Suspicious transactions tied to foreign buyers

Suspicious transactions tied to foreign buyers

Suspicious transactions tied to foreign buyers Vancouver-based banks reported more suspicious applications coming from mainland China than any other country.

Banks are required to report any suspicious activity to the Financial Transactions and Reports Analysis Centre of Canada (FinTRAC), and the Globe and Mail received that data through an access of information act. It shows that Vancouver banks reported suspicious transactions originating from mainland China 17 times more often than transactions originating from any other country.

According to the Globe’s findings, financial institutions in Vancouver, Richmond, West Vancouver, and North Vancouver, reported more than 8,600 suspicious transactions to FinTRAC between January 2012 and July 2015.

Of those transactions, 5,895 came from unknown origin and 1,660 were made by Canadian citizens.

Of the remaining 1,045 flagged transactions, 83% (865 reports) came from mainland China.
These reports are purportedly triggered when the sum is larger than $10,000, when third parties send frequent wire transfers to clients, or when multiple deposits from someone other than the account holder are made.

Attorney Christine Duhaime told the Globe that while it could not be determined whether the incoming suspicious funds were used to purchase real estate, one could “surmise pretty accurately that if the funds are from China and involve large volumes, they are for real estate purchases, because there is not much else foreign nationals from China buy in Canada that would trigger a [suspicious transaction report].”

Potential money laundering in Canadian real estate – including from China – has been a topic of growing interest.

The FinTRAC data publication comes on the heels of a recently released CMHC report on the amount of foreign condo investment in Vancouver and Toronto.

Foreign condo owners own 3.5% of units in Vancouver and 3.3% in Toronto; up from 2.3% and 2.4% a year ago, respectively.

The methodology is somewhat incomplete but a step in the right direction in determining how much those major markets are being influenced by foreign money.
  • Joss Covenoho 2015-12-10 10:34:13 AM
    This is an extremely misleading title, suggesting that the Chinese conduct suspicious activity, in order to gain a public response to stop the Chinese from the overrated price increases and from owning so much Canadian land. Only once you read further into the ad, do you see that transfers over $10,000 do not IMMEDIATELY indicate crime or money laundering, that $10,000 is simply the trigger. The Chinese are CASH people, they trade heavily in cash, which throws Canada off, both culturally and technically.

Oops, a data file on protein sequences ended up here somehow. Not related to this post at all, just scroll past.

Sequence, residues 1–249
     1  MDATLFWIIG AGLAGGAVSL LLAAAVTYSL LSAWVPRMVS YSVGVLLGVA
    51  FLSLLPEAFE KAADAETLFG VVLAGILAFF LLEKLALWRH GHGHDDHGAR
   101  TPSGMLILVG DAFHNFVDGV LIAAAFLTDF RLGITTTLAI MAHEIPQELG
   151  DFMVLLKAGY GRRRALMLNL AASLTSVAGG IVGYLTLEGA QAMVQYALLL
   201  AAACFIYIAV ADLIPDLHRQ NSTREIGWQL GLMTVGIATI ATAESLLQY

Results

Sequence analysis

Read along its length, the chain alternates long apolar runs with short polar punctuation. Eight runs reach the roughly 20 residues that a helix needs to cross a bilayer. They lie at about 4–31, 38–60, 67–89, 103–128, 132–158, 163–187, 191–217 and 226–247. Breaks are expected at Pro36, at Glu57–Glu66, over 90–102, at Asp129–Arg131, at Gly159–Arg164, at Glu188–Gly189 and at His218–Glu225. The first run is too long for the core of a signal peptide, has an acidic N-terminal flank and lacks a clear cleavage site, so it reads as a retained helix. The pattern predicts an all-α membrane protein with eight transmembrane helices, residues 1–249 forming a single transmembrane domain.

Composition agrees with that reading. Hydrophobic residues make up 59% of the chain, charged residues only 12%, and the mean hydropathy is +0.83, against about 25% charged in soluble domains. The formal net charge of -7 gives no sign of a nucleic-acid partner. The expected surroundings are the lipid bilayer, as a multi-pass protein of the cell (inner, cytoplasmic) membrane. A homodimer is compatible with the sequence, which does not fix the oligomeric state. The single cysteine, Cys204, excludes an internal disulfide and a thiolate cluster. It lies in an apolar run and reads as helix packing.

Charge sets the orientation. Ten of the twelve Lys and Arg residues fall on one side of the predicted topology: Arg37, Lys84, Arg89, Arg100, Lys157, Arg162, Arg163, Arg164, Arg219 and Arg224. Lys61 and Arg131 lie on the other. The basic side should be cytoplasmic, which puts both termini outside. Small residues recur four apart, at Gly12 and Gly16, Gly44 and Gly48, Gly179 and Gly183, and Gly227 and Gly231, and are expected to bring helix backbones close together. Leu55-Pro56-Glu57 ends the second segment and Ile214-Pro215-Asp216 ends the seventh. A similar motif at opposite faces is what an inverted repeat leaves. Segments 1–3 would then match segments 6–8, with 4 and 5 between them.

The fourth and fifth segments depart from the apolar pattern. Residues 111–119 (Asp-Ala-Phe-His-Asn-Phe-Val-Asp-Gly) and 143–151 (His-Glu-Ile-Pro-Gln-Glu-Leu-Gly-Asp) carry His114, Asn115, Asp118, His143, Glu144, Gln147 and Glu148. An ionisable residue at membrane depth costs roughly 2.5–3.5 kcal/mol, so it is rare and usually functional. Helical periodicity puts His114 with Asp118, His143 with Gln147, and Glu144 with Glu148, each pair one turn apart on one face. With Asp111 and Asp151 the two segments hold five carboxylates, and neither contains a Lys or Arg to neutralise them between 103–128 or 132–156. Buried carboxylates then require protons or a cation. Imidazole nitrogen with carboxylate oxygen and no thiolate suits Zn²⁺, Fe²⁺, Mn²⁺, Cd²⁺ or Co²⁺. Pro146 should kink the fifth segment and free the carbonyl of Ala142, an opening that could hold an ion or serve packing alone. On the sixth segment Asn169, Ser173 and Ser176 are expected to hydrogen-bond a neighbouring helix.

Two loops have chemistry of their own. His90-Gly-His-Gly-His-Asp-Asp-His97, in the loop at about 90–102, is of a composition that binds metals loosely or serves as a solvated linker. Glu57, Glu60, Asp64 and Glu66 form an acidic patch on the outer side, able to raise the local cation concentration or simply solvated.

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  • Cinzia 2015-12-10 2:22:45 PM
    Perhaps we should focus on Canadians. The number of suspicious transactions by Canadian citizens is double those from China. Inflammatory headlines are great. As long as they're accurate.
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  • G 2015-12-10 10:15:45 PM
    What an insult and disgrace that Canada enforces "moneylaundering" laws against subjects of a Communist dictatorship with an abominable human rights record that starts with 2,500 acknowledged executions a year.

    But, wait, our new Vogue PM is on record as singling out China as the country he most admires in the world "because their basic dictatorship is allowing them to actually turn their economy around on a dime and say 'we need to go green fastest . . . we need to start investing in solar.' I mean there is a flexibility that I know Stephen Harper must dream about of having a dictatorship that he can do everything he wanted that I find quite interesting."

    Can't wait to see his worship of Xi Jingping when they meet. Maybe a firm personal assurance that Canada will fully cooperate in tracking down criminals who dare to send their money out of the People's Republic.
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